“First of all, leadership is where culture begins, and I think communication is also key. Listening to employees is a strong, top factor: Are you in conversation with your employees? Are you listening and acting on their feedback?” said Davis. “I also think that after COVID, loud and clear, we’ve heard that creating some form of flexibility in schedules is really important for work-life balance, especially as we look at how to add diversity to our workforce.”
Working alongside AEM’s 1,000-plus members, Davis has noticed a pattern of answers that employees seek out over their first few years with a new organization: while the first year is about learning the role, the second year is more concerned with the employee learning about their company. By the time year three rolls around, employees are trying to learn what, in the long run, their company can do for them.
According to Davis, the average period a worker 35 years or younger stays at a role currently stands at 2.8 years. To solve the construction industry’s labour issue, she believes that employers need to become better at providing their workers with a solid answer to that three-year question.
“If you don’t have something that you’re willing to give or invest in your employee, and you don’t have a culture that really speaks to growth and development for them, they’re going to move on and find that next opportunity for development – even if it’s not with you,” she said.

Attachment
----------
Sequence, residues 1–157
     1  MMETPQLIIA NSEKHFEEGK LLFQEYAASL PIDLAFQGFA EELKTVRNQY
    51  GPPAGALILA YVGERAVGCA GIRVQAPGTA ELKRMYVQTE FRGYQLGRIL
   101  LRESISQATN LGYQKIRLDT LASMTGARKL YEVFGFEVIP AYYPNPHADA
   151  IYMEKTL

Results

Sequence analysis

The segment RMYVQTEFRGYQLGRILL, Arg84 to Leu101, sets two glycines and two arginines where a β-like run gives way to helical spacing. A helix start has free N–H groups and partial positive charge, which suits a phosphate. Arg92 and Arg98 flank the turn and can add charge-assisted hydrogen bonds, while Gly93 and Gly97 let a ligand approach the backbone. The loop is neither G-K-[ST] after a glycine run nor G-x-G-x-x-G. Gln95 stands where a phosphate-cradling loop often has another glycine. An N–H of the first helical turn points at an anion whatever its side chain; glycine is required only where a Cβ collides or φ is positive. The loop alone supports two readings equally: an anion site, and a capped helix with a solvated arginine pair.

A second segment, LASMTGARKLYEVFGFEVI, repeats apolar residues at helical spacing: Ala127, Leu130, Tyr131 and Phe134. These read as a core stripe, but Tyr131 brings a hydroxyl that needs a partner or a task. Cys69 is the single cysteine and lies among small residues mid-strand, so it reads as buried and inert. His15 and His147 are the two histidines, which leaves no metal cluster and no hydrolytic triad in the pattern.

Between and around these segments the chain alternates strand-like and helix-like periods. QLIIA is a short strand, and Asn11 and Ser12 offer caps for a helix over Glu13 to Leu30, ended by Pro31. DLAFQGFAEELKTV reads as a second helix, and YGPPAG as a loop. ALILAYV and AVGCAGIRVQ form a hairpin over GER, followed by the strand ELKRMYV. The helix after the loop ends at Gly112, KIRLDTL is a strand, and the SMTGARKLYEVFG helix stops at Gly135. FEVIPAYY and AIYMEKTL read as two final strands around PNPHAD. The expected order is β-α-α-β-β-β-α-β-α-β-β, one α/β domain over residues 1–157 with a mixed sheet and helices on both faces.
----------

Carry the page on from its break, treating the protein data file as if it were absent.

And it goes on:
Building the next generation
While there are changes employers can make across their operations and organizations to curb the current labour issues in the construction and quarrying sectors, a number of initiatives are also being introduced on the legislative level by governments across the country.
Ontario’s position as Canada’s largest sand and gravel producer, while also being in the starting stages of an infrastructure push on an unprecedented scale from the Ford administration, makes the labour issues of their roadbuilding and quarrying sectors more acute and demanding of immediate solutions.